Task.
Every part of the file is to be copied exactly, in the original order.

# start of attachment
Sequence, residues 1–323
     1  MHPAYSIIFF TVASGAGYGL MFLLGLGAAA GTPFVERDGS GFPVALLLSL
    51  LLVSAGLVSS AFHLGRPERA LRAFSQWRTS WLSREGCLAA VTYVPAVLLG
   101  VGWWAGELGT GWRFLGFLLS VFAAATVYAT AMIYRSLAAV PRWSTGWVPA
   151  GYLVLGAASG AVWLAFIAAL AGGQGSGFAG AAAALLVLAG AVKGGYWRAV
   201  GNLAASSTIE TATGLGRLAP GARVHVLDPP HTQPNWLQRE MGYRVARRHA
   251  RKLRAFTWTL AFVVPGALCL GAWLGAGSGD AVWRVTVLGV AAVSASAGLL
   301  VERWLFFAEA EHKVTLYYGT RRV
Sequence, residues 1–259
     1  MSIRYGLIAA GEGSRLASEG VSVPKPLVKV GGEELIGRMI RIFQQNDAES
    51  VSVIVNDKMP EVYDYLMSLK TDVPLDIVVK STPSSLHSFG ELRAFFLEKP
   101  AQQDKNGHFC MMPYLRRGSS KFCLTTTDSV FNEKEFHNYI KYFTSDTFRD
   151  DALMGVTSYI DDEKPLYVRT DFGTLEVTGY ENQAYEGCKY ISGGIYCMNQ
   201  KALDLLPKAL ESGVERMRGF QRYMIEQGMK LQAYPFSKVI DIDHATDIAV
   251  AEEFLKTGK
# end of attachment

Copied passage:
Sequence, residues 1–323
     1  MHPAYSIIFF TVASGAGYGL MFLLGLGAAA GTPFVERDGS GFPVALLLSL
    51  LLVSAGLVSS AFHLGRPERA LRAFSQWRTS WLSREGCLAA VTYVPAVLLG
   101  VGWWAGELGT GWRFLGFLLS VFAAATVYAT AMIYRSLAAV PRWSTGWVPA
   151  GYLVLGAASG AVWLAFIAAL AGGQGSGFAG AAAALLVLAG AVKGGYWRAV
   201  GNLAASSTIE TATGLGRLAP GARVHVLDPP HTQPNWLQRE MGYRVARRHA
   251  RKLRAFTWTL AFVVPGALCL GAWLGAGSGD AVWRVTVLGV AAVSASAGLL
   301  VERWLFFAEA EHKVTLYYGT RRV
Sequence, residues 1–259
     1  MSIRYGLIAA GEGSRLASEG VSVPKPLVKV GGEELIGRMI RIFQQNDAES
    51  VSVIVNDKMP EVYDYLMSLK TDVPLDIVVK STPSSLHSFG ELRAFFLEKP
   101  AQQDKNGHFC MMPYLRRGSS KFCLTTTDSV FNEKEFHNYI KYFTSDTFRD
   151  DALMGVTSYI DDEKPLYVRT DFGTLEVTGY ENQAYEGCKY ISGGIYCMNQ
   201  KALDLLPKAL ESGVERMRGF QRYMIEQGMK LQAYPFSKVI DIDHATDIAV
   251  AEEFLKTGK